Are Venezuelans Being Held Hostage By Their Own Government? Tickets To Travel Abroad Are 'Not Available' Shutterstock/Perfect Gui

It has been a rough year for Venezuela, as the country saw protests from its citizens starting Feb. 12, 2014, on the 200th anniversary of the Battle of Victoria, to protest President Nicolás Maduro's regime. The initial protests--led by the leaders of the Venezuelan opposition María Corina Machado and Leopoldo López--were followed by a large, city-wide protest on Saturday, Feb. 15. While the protests were led by Machado and López, it was students who coordinated and staged the protests and provided them with the backing.

Since the start of the protests, the country has seen a shortage of essential goods -- from HIV-AIDS Virus Treatments to pasta -- and an increase in its already high rate of violence. The shortages and violence, coupled with the unstable economy, has left most of the Venezuelan public frustrated with Maduro's regime. In fact, a new survey from the polling group Datanálisis found that the majority of the Venezuelan public (59.2 percent) disapproves of Maduro's performance as the leader of Venezuela.

Amidst the political unrest, it is now being reported that Venezuelans trying to book tickets to international destinations are hearing one resounding answer: "Not Available." Dolar Today reports that the shortages seen in supermarkets have now trickled to the travel industry.

"It's a marathon task," said Carolina Saavedra to Dolar Today. "After waiting seven months to reach my passport, I began to crawl up in the morning, tickets online and got nothing. I decided to look at three major travel agencies in the city and everyone who came to me saying the same thing, that they had nothing to offer, the system had closed all flights."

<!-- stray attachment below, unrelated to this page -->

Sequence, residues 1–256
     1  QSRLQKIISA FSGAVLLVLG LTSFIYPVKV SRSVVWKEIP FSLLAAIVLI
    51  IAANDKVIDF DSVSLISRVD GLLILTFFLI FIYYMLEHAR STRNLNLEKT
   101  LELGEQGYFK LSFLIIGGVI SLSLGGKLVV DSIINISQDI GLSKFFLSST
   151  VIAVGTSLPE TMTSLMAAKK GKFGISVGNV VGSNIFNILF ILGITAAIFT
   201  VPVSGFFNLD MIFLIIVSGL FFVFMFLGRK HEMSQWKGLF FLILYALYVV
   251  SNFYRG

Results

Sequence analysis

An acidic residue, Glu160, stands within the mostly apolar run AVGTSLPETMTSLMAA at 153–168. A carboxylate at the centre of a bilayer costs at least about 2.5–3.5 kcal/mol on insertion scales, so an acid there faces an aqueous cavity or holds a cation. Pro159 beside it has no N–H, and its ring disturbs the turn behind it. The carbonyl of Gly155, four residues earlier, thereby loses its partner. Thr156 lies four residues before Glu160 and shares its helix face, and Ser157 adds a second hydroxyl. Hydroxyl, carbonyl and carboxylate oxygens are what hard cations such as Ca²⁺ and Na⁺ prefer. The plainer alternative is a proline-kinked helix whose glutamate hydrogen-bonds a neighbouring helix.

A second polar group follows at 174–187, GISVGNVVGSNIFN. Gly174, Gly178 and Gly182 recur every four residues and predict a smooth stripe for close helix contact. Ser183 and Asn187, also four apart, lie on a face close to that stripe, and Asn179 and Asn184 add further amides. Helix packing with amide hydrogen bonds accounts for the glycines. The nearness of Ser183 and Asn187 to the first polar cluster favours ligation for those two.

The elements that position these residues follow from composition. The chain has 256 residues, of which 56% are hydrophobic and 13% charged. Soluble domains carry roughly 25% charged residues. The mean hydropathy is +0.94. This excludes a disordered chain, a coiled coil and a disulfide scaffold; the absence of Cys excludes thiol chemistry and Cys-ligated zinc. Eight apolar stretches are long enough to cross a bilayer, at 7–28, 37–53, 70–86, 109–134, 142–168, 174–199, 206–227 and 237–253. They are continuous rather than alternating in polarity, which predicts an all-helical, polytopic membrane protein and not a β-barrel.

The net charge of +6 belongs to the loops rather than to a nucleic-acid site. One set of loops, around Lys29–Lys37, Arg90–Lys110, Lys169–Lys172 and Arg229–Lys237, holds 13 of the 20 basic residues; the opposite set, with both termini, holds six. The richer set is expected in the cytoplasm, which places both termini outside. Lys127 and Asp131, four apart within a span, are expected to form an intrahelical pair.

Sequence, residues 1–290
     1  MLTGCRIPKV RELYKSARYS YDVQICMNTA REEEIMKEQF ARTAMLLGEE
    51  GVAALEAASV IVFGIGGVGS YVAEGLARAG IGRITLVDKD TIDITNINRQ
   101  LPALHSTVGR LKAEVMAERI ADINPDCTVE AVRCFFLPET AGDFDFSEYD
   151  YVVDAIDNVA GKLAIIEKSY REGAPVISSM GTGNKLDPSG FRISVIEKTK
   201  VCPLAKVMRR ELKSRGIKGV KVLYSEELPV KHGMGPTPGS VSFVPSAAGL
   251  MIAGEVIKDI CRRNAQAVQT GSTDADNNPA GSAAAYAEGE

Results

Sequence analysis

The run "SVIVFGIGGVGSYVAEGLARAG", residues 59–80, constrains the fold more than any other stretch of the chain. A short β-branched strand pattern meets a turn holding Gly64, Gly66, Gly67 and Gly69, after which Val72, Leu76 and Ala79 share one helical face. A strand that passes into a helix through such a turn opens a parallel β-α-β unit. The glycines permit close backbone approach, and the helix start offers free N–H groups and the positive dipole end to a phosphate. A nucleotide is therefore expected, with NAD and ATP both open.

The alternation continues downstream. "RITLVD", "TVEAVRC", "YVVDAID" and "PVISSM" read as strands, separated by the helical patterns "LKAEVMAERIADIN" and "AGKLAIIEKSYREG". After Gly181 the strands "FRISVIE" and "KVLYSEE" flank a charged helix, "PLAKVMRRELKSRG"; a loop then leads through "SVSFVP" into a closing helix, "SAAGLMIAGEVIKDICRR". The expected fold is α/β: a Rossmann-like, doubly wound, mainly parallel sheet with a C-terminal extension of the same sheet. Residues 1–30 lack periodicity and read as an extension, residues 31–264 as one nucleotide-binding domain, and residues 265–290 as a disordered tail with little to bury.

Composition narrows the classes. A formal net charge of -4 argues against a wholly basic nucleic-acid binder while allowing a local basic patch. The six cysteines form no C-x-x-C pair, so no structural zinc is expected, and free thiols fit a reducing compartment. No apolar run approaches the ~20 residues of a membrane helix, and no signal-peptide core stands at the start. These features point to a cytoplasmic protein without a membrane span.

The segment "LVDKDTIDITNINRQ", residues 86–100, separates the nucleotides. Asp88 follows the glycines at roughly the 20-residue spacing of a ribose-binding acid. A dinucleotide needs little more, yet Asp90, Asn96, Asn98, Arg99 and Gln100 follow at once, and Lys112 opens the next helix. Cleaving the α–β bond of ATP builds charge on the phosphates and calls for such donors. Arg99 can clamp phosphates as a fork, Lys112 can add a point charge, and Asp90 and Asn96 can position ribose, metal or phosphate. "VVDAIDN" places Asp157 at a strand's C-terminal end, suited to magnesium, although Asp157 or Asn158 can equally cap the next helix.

One reason for the shortage is that international airlines are reducing their flights to and from Venezuela. Most recently, American Airlines announced that they will be reducing flights between the U.S. and the South American nation by 80 percent over $750 million in trapped cash. The payment dispute is not exclusive to American Airlines, as the Air Transportation Ministry of Venezuela has debts to pay with close to two dozen airlines. That said, they announced that they are working on paying the debts with six carriers, including: Tame, Avianca, Tiara Air, AeroMexico, Insel Air and Aruba Airlines.

With prices of tickets increasing by up to 300 percent, and diminishing offerings, critics are wondering if the Venezuelan government even cares about its travel problems. El Universal reports, citing an anonymous aviation business specialist, that "the government does not care about bringing the situation back to normal; they are not interested in people traveling."

What could Maduro's incentive be to keep his citizens in the country? Apart from avoiding paying up his debts, Maduro can successfully contain the details of what is happening in his country by limiting travel. During the Arab Spring in 2011, North Korea opted to leave its ambassadors and citizens working abroad in the turmoiled nations to prevent ideas of uprisings to enter the nation. Similarly, a possible incentive for Maduro could be to limit the amount of first-hand information on the nation's current status.

Maduro took office in April 2013 succeeding the late Hugo Chávez.

© 2023 Latin Times. All rights reserved. Do not reproduce without permission.